2018 a much better year for public transport: Khaw Boon Wan

2018 a much better year for public transport: Khaw Boon Wan

SMRT train
An SMRT train at Kim Chuan Depot. 

SINGAPORE: Transport Minister Khaw Boon Wan said on Monday (Dec 17) that 2018 has been a better year for public transport - particularly in train reliability - due in part to new SMRT CEO Neo Kian Hong, whom Khaw described as a "good leader".

Mr Khaw made the comments on the sidelines of an event relating to the upgrade of the North East Line (NEL), where he said that train delays have become less frequent.

He expects all the train lines - with the exception of the East-West Line, which was affected by re-signalling tests earlier this year - to exceed 2018's rail reliability target “by a very comfortable margin”.

Mr Khaw has set a mean kilometres between failure (MKBF) target of 400,000 train-kilometres for the overall MRT network this year. This means that trains will need to travel an average of 400,000km before experiencing a service delay of more than five minutes.

“In particular, the oldest line, North-South Line, which gave us big trouble in the last few years, the improvement is quite significant, more than 10 times improvement in reliability,” said Mr Khaw.

“It doesn't mean that there will be no more train delays and disruptions, but frequency is getting much less frequent," Mr Khaw said.

"So we are not quite out of the woods. We have to continue to focus on this area, we cannot rest on our laurels. But even the best of operators sometimes meet problems, so I hope to get Singaporeans' understanding.”

READ: Track fault near Clementi causes rush hour delays on East-West Line

The NEL upgrades are part of pre-emptive measures to ensure that mistakes made with the older North-South and East-West Lines are not repeated again, Mr Khaw said.

He also added that commuters will have to get used to early closures of MRT stations, in order for engineers to be able to do more maintenance as the MRT network ages.

“Where we do not need early closures and late openings, where early closures will do, then the impact on commuters is a lot better.

“If we take the approach as we do for NEL where we change out earlier, than wait until last minute, then we can plan it, so we don’t have to have such disruptive ECLO (early closure and late openings) too frequently,” said Mr Khaw.

UPDATE ON SMRT ACCIDENT

Mr Khaw also revealed that he had paid a visit to the SMRT employee injured during an accident at Joo Koon MRT last Wednesday.

The employee’s foot was amputated as a result of the accident.

"It is being investigated, and I think preliminary (findings) suggest to us that it's an isolated industrial accident case, and not so much a systemic problem, as happened in the previous incident,” Mr Khaw shared, alluding to a previous accident that killed two SMRT employees in 2016.

SMRT CEO Mr Neo Kian Hong was with Mr Khaw, and assured the employee – referred to as Mr Syed – that his future job prospects would be taken care of.

READ: 'We'll take care of our staff': SMRT CEO, after employee injured during track maintenance work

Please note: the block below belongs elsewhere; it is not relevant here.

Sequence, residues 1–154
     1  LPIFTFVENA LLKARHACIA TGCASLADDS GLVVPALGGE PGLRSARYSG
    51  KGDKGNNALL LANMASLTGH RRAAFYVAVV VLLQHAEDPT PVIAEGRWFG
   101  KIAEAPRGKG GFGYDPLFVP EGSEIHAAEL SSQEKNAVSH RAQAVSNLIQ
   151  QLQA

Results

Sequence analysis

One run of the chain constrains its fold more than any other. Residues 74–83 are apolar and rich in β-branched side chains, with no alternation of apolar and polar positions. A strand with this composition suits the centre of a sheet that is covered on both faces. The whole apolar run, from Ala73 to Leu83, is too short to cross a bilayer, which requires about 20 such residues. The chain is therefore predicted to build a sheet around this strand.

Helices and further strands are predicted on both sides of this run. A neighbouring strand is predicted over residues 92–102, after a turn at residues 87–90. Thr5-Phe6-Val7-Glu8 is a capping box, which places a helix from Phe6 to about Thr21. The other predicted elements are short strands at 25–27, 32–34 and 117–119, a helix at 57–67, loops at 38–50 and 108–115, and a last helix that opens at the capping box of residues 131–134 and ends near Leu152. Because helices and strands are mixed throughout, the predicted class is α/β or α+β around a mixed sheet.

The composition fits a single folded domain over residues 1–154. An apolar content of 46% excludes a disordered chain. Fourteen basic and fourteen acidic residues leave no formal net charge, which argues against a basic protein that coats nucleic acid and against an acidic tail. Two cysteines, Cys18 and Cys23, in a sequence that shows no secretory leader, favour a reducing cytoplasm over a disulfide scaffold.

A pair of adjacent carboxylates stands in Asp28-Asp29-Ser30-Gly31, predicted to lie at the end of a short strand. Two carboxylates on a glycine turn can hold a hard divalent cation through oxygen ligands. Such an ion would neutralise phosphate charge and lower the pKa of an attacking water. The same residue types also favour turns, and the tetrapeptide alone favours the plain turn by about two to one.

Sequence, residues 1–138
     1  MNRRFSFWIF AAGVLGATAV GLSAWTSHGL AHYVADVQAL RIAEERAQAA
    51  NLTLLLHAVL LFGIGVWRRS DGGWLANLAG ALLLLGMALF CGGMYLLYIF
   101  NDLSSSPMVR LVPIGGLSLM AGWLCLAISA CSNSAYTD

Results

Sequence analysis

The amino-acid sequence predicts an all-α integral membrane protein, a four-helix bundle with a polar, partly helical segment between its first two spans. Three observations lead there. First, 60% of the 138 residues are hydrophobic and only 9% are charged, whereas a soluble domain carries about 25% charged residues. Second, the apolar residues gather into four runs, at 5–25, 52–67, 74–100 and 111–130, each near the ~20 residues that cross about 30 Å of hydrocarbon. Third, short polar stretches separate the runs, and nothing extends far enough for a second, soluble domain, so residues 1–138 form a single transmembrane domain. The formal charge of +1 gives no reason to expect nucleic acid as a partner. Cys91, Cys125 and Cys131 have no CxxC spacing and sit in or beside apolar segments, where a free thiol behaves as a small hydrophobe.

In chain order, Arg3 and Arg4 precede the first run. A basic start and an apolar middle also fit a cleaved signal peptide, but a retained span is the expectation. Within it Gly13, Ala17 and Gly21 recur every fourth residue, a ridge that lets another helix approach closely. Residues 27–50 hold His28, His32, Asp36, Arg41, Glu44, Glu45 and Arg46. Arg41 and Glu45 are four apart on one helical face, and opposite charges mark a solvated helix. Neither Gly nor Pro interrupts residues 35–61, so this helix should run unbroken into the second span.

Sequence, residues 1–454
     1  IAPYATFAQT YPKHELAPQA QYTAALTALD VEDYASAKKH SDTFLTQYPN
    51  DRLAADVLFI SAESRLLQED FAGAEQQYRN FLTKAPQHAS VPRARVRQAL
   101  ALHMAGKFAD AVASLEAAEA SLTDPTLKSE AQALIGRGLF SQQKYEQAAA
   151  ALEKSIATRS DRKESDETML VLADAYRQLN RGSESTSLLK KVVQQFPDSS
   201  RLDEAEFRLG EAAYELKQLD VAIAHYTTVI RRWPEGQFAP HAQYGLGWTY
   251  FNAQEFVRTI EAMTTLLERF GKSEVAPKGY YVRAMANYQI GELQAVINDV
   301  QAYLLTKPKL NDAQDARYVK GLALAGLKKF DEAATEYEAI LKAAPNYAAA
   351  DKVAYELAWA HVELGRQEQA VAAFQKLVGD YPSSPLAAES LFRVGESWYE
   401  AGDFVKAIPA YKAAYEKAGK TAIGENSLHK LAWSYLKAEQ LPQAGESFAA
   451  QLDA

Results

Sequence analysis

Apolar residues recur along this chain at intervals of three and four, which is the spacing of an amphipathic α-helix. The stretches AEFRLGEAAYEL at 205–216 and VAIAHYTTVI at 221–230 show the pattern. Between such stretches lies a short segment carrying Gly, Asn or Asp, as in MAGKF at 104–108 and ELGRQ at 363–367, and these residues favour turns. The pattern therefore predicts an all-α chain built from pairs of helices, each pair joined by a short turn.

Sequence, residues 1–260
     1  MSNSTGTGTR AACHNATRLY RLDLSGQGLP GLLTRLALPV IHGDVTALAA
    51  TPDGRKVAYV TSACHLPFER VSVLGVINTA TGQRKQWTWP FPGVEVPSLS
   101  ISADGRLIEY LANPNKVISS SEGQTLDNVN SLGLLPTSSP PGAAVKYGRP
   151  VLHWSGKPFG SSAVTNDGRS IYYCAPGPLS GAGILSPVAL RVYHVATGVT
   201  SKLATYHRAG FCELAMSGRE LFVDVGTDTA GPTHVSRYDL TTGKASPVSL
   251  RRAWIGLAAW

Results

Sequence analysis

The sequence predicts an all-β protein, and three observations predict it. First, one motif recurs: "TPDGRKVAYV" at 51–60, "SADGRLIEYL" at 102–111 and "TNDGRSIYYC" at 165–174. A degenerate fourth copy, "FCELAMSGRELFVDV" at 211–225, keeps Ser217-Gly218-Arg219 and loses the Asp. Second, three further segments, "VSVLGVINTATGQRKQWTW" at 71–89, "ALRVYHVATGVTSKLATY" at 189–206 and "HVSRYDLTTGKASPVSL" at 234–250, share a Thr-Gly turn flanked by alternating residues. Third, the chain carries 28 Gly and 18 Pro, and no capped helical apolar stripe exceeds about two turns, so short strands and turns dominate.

LEADERSHIP MATTERS

When Channel NewsAsia asked what the Mr Neo's priorities would be in 2019, Mr Khaw said it would be to replace the older portions of the East-West Line, to help it catch up in performance with the other lines.

"He has taken up his mission very diligently, he's on the ground very often, in the depot, on the tracks, in the trenches, day and night,” said Mr Khaw.

“I have full confidence. Part of the reason for the turning around of the North-South Line is also because of him, as well as the new chairman Mr Seah. So, you will see from this example that leadership matters. If you have a good leader, you can turn things around."

BUDGET DEBATE TO BE HANDLED BY JUNIOR MINISTERS

On a more political note, Mr Khaw said a sign that the MRT system was turning around was that his Sembawang GRC constituents had fewer complaints about the North-South Line in the past year. 

Instead, he shared, most of the complaints were about e-scooters.

Mr Khaw also referred to e-scooters when speaking about the technological changes that are still to come in the transport landscape, and how the young generation of ministers have their work cut out for them in managing their introduction to Singapore. 

“Just look at how e-scooters, how we think it’s a good thing if it’s properly used. And in fact most users are responsible, but you only need a few irresponsible users to cause a lot of havoc to commuters and pedestrians,” said Mr Khaw. 

So, “we must be able to find a way in explaining all these changes, get them excited, but at the same time listen to them, understand their concerns.”

And to help younger ministers get used to understanding concerns on the ground, Mr Khaw shared that his ministry’s Committee of Supply debate will be spearheaded by Senior Ministers of State Dr Janil Puthucheary and Dr Lam Pin Min.

He said this was part of the leadership transition, and would be an opportunity for their political development.

“I will play a supportive role. I think this stretching of the two SMSes will be good for them, for their political career development. The young ministers need to be able to able to reach out to their own young generation of Singaporeans, work together and share each other’s aspirations for Singapore, for the future,” said Mr Khaw.

When asked if this meant he was stepping down as transport minister, Mr Khaw laughed and said this was a question for Prime Minister Lee Hsien Loong.

Source: CNA/nh(aj)

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